Author Topic: The Invention of Hugo Cabret  (Read 18530 times)

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AntiDumbFrogQuestion

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Re: The Invention of Hugo Cabret
« Reply #60 on: December 21, 2011, 08:25:09 AM »
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Regardless of whether filmmakers would actually have painted paper mache lobster consumes in red for b&w movies back in the day or not, the colors in this scene are there because of production design to create a reaction in the Hugo audience more than anything else.

EXACTLY.

md

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Re: The Invention of Hugo Cabret
« Reply #61 on: December 24, 2011, 09:04:07 PM »
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Anyone else catch the Scorsese cameo?
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Re: The Invention of Hugo Cabret
« Reply #62 on: December 28, 2011, 11:43:29 AM »
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You can go to places in the world with pudding. That. Is. Funny.

AntiDumbFrogQuestion

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Re: The Invention of Hugo Cabret
« Reply #63 on: December 28, 2011, 11:22:37 PM »
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I can't tell what's thicker, the mustache or the eyebrows

malkovich

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Re: The Invention of Hugo Cabret
« Reply #64 on: December 29, 2011, 11:17:09 AM »
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Quote
I can't tell what's thicker, the mustache or the eyebrows

The eyebrows. Always the eyebrows.

Pozer

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Re: The Invention of Hugo Cabret
« Reply #65 on: December 29, 2011, 02:41:44 PM »
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Quote
I can't tell what's thicker, the mustache or the eyebrows

The eyebrows. Always the eyebrows.

don't be thick in front of me, mal.

malkovich

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Re: The Invention of Hugo Cabret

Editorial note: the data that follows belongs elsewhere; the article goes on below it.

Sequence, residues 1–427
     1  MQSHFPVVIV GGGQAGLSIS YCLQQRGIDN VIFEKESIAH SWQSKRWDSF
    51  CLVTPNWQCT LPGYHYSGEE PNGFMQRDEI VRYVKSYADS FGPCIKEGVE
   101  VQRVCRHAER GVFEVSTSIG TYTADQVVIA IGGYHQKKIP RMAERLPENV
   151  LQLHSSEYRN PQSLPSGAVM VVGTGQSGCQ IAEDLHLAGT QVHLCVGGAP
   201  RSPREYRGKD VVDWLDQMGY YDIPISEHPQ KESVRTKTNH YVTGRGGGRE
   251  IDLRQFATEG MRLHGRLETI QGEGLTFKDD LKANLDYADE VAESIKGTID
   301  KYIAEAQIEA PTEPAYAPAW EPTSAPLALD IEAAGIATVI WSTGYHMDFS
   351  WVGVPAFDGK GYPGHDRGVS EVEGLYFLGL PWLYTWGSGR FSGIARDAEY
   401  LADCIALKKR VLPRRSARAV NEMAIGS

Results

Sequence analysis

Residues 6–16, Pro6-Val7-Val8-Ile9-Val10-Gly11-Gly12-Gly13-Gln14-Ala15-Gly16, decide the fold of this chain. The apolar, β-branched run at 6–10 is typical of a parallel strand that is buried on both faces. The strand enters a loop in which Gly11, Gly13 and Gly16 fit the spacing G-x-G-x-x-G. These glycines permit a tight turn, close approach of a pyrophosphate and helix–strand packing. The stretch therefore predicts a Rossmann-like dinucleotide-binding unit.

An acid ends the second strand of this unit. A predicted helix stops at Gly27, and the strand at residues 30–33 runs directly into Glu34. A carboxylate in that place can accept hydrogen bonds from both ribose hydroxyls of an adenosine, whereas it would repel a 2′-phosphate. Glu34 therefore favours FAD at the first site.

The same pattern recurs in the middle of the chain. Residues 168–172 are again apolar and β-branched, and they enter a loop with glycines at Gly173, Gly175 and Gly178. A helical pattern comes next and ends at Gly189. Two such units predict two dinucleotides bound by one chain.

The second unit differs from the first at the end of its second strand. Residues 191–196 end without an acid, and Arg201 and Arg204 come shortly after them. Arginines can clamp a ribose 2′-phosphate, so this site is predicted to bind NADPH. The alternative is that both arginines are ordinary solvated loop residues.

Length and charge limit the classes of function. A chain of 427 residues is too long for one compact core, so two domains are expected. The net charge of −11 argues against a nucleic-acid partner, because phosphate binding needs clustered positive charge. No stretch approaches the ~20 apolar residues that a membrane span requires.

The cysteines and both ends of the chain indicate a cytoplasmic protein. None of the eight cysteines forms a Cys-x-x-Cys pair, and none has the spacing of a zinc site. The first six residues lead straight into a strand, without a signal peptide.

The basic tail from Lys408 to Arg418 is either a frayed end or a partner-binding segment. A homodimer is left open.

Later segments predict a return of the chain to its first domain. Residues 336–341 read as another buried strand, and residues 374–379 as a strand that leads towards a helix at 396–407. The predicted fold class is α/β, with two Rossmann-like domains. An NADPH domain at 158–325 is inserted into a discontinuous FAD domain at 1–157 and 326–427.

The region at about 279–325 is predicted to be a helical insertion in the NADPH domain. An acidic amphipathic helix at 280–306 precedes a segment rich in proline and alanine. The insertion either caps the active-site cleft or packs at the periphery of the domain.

« Reply #66 on: December 30, 2011, 03:02:13 AM »
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Alexandro

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Re: The Invention of Hugo Cabret
« Reply #67 on: January 28, 2012, 06:43:13 PM »
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I'm still pretty vague about how I feel with this movie. I don't know wether to celebrate it's obvious disregard for traditional structure or go with my initial feeling, which was unsatisfactory. Also, the 3d was so good it was distracting. Really, it was just too fucking good. Scorsese has always been flashy and I've always love his films for that so I don't have a problem with the way he really thought out all these shots in 3d to make them work in 3d. But damn it was hard to keep track of things when most of the time I was thinking "holy shit that is so cool".

Beyond that, I agree with the comment about the long pauses between dialogues. That surprised me and put me off because it's so weird coming from the Scorsese-Schoonmaker team. I would bet you could trim 20 minutes of this movies with just those pauses. And most of the Sacha Baron Cohen's stuff was superfluous, particularly his coming back as the bad guy at the end. Some of it was not funny at all.

Yet I also share the sentiment and the experience of being about to cry for at least three times when the movie became about cinema itself. The honesty of the whole thing is almost heartbreaking, and I think Kingsley was really good in this performance. Don't know if anyone has read Ebert's review of this movie but his take on how this could be Scorsese's most personal film, almost autobiographical is pretty spot on.

It's a beautiful film to look at and listen to (this is the first of Howard Shore's scores for Marty that stands out for me) and the performances are great. To be honest what I now see as flaws (the weird structure, the "lecture" quality of the film history segments, etc...) may be later seen as wins. But I'm pretty sure a lot of the Baron Cohen and his dog stuff could be left out and no one would miss it. I'm curious as to how kids actually react to it, anyone has seen this with a young kid?

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Re: The Invention of Hugo Cabret
« Reply #68 on: January 29, 2012, 01:12:13 PM »
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this could be Scorsese's most personal film, almost autobiographical is pretty spot on.

CBS Sunday Morning had a piece on Scorsese this morning and a separate piece on the author of the book. They showed an automaton a lot like the one in the movie and it is actually quite interesting for me to think of how someone would make something like that.